Are there contest on this Site? new here.... great stuff

Johnathanrs
January 26th, 2013, 09:19 AM
Your third paragraph is out of context. You talk about the world then go into the character. If the MC is Clyde, it should start off with him in my opinion and I think as a whole, it should be re-written.

Besides that, it seems interesting, only time will tell. Make sure to keep a interesting theme.

Jamie
January 26th, 2013, 11:07 AM
Labyrinth of Revolution


People used to dream about the future, and how things will be created to make life easier. Two hundred years ago, people stopped dreaming. Now, all they dream about is their wealth.
The world is now lead by one entity, the Continental Order, founded during the last World War. After two hundred years of digging under the rule of the Continental Order, thousands of miles of tunnels are now weaved under the earth’s surface. It began as a way to give low income families jobs by supplying the rich people more building material, but it soon became a way to force labor and families into the whole they dug, making more room for those worthy on the surface.

There had been rebellions from the Labyrinth people. Many lives taken on both sides, until one day the Continental Order decreed all entrances to the “Labyrinth” be sealed up except two per continent and let the filth die out. The people who defy the Order are forced to wander the maze with nothing but a flashlight. If they reach the other exit, then they are free. No one has ever made it.

Clyde lived a good life on the surface, until one day an army of Labyrinth people immerged, overthrowing the Order in a matter of days, and staking claim as the new world order. As a punishment for the surface peoples greed, one child per family is forced into the Labyrinth, and their family offered a pardon if the child is able to escape from their underground prison. Armed with only a flashlight, Clyde must battle through the secrets of the labyrinth on a journey that unfolds to be more than just his survival, but that of the entire world. He has two weeks. Can he make it?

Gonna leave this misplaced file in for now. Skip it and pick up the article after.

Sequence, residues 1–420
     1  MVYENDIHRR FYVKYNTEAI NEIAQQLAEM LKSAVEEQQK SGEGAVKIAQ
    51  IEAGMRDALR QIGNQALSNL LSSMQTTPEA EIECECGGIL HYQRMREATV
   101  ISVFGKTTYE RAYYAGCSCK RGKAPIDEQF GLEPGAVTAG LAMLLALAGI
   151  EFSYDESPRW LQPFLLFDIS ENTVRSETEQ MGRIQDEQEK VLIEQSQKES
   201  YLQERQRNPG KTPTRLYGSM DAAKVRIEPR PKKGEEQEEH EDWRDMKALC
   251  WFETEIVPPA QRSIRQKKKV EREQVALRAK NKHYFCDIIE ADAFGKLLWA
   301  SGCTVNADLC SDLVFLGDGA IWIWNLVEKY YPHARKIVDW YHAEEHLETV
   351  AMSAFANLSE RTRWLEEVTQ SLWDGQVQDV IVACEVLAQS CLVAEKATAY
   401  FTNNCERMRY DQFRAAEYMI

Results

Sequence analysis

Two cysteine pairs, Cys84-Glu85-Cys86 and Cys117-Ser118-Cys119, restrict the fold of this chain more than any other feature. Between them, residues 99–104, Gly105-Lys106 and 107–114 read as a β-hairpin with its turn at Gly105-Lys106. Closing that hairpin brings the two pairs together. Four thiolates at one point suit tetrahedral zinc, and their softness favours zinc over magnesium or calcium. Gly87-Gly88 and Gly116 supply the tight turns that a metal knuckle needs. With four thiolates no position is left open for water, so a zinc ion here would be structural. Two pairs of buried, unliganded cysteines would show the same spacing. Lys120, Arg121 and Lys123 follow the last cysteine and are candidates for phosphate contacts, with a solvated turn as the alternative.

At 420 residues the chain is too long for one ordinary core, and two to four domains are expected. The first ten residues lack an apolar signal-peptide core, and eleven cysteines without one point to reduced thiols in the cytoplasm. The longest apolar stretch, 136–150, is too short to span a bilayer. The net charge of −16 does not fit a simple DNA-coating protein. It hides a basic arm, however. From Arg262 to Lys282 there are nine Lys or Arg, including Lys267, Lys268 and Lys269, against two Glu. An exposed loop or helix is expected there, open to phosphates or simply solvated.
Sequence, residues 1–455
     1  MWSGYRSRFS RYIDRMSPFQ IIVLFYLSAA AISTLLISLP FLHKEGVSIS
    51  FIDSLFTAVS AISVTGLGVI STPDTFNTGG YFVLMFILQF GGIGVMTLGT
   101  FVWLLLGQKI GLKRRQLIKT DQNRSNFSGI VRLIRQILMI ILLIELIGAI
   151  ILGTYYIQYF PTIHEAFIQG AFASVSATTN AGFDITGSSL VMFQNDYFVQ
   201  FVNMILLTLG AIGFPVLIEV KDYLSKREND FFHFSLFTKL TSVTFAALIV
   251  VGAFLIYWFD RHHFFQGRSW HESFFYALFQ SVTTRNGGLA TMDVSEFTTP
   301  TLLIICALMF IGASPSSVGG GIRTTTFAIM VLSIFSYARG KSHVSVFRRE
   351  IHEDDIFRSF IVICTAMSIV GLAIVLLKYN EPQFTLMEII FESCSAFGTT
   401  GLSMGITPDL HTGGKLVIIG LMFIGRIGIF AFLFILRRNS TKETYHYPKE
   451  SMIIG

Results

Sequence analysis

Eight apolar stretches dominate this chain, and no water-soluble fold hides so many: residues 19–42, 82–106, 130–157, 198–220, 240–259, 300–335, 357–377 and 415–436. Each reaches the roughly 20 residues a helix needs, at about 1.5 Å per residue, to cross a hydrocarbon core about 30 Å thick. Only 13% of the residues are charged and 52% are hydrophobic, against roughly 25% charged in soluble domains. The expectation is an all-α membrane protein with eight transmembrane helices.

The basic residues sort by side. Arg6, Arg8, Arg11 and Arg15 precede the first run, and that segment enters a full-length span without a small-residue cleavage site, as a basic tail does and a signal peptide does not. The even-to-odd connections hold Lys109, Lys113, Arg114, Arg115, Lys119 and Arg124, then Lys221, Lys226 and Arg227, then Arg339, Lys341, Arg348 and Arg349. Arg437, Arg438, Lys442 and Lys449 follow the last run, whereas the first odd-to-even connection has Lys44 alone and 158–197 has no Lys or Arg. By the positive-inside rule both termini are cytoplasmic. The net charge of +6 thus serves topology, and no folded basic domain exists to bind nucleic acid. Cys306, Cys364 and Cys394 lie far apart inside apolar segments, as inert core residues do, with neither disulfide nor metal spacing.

It can be tightened a little, in my opinion.

Firstly, remove "under the rule of the Continental Order" from the bit about the tunnels. You've already mentioned it just the line before, so it's not needed here.

"After two hundred years of digging, thousands of miles of tunnels are weaved under the Earth's surface". Notice I removed the "now" from this line as well, as you've already used the word twice previously. Up to you if you keep it in there or not.

The explanation of how the tunnel started doesn't make much sense to me. I've read it a few times and I'm still not sure what it means.

Who are the Labyrinth people? Is that what the tunnels are called - the Labyrinth? That just kind of comes out of nowhere. If the tunnels are the Labyrinth then perhaps think about mentioning that in the last part about the digging of the tunnels.

"whole they dug" should be "hole they dug", "immerged" should be "emerged".

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I think, if I understand the idea, it's a good one, and one you should definitely continue with. But the introduction there could use a little work so that the idea is better explained. I'm sure you know that anyway, but I hope this helps in some way.